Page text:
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If you follow this blog, you know that I hoped Secretary Clinton would be elected President. More than that, I really didn’t want Mr. Trump to be elected President. That hope and wish were not fulfilled. Instead, a man who I have seen as misogynist, racist, and dangerous (his denial of climate change, his openness to using nuclear weapons) has won enough states that, assuming the electoral college votes as they are pledged, he will be the next President of the United States.

I’ve been told that in 1960, after John F. Kennedy narrowly defeated Richard Nixon, staunch Hollywood conservative John Wayne declared, “I didn’t vote for him, but he’s my president and I hope he does a good job.”

I’m having a hard time following John Wayne’s lead. Yes, I hope Mr. Trump does a good job, but based on his campaign and the signals coming from his transition team, I don’t think he will. I’ve read his plan for this first 100 days in office. If he follows through on his plan, he will wreak havoc on the economy, the environment, the Supreme Court’s protection of freedom, our public schools, the incomplete health insurance net that’s being stitched together through Obama Care, families that include at least one undocumented worker, and the national debt.

While the plan does not say anything overt about removing right of religious, ethnic, or sexual minorities, the rhetoric surrounding the Trump campaign and the people he has named to his transition team is frightening. Since election day, many people – especially women, minorities, immigrants, and members of the lgbt community – have felt vulnerable. Not surprising, since the Southern Poverty Law Center has noted as significant spike in acts of “hateful harassment and intimidation” since the election. And now, with the naming of white nationalist Steve Bannon to be “Chief Strategist to the President,” the pit in my stomach that had been slowly dissolving has re-solidified. White male privilege is, I fear, solidifying in our culture, right along side the pit in my stomach.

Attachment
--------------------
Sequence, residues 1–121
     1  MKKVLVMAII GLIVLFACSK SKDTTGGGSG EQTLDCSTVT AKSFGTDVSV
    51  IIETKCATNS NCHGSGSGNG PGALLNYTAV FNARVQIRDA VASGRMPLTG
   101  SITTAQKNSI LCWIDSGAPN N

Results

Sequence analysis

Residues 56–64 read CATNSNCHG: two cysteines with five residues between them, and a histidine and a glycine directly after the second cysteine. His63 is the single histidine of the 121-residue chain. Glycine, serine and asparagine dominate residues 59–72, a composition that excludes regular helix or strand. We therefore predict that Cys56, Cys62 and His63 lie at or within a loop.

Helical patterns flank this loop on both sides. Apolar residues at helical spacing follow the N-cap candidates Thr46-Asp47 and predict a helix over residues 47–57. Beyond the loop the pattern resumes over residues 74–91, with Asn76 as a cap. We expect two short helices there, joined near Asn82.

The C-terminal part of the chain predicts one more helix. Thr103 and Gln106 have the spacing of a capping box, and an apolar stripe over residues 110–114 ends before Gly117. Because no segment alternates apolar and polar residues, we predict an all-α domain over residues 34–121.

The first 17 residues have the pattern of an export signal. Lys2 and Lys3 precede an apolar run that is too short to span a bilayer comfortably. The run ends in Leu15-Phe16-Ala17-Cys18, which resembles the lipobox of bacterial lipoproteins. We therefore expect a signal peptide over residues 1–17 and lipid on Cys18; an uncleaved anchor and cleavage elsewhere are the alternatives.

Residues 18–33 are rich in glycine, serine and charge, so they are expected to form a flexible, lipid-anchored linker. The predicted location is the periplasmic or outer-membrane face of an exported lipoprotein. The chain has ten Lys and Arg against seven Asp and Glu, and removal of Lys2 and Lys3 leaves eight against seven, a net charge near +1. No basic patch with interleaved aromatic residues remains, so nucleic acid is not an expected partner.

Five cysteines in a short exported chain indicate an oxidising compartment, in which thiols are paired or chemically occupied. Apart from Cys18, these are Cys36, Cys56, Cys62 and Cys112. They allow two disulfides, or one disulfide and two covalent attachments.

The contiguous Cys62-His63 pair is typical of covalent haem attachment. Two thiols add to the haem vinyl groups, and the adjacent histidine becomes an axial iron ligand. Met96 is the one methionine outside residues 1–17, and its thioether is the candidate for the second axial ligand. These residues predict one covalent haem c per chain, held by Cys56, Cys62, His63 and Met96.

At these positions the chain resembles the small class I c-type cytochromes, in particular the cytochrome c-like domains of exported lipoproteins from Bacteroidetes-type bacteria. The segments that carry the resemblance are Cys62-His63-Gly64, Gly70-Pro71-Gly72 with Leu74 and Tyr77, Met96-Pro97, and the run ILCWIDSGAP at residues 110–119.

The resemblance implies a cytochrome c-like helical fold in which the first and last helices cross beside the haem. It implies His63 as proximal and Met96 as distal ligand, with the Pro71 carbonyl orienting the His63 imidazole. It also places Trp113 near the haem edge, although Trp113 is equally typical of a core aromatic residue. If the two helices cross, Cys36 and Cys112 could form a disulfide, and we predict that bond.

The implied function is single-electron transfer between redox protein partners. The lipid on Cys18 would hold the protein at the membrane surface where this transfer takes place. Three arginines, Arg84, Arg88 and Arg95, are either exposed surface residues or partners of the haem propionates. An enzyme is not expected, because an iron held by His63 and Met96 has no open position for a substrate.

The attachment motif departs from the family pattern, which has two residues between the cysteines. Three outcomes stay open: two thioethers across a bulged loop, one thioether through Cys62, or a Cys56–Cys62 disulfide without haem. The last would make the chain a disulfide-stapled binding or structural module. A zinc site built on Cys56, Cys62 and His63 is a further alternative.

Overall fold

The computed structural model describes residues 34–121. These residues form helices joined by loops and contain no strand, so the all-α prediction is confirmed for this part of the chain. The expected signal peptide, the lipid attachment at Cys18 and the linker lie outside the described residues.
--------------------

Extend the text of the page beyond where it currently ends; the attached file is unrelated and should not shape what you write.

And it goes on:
Bishop Dwayne Royster’s words in this blog post posted late on election day resonate with me – particularly when he rights about his anger that people who say they follow Christ voted for a person whose words during this campaign paint him as sexist, racist, xenophobic, misogynistic, homophobic, and not someone to be trusted with nuclear weapons. And I like that he calls us to be “Prophets that will speak truth to power unequivocally and will speak truth to the people as well.”

Senator Bernie Sanders (the presidential candidate I supported in the primaries) issued this statement the day after the election. In four sentences he says where I want to be politically.

Donald Trump tapped into the anger of a declining middle class that is sick and tired of establishment economics, establishment politics and the establishment media.  People are tired of working longer hours for lower wages, of seeing decent paying jobs go to China and other low-wage countries, of billionaires not paying any federal income taxes and of not being able to afford a college education for their kids – all while the very rich become much richer.

To the degree that Mr. Trump is serious about pursuing policies that improve the lives of working families in this country, I and other progressives are prepared to work with him. To the degree that he pursues racist, sexist, xenophobic and anti-environment policies, we will vigorously oppose him.

And while I want to be ready to work with Mr. Trump where I can (and vigorously against him where his proposals and policies are harmful), I am worried about how we respond to people who are vulnerable now, as attacks continue. I turn to my Twitter feed as I write this, knowing that there are other people who have posted things that have inspired me or at least given me hope, but what I’m reading about are instances of people of color being threatened by whites, of people of Muslim faith afraid to express it. Trump has turned a populist anger into hatred for “the other” by turning economic resentment into racial, religious, and gender resentment.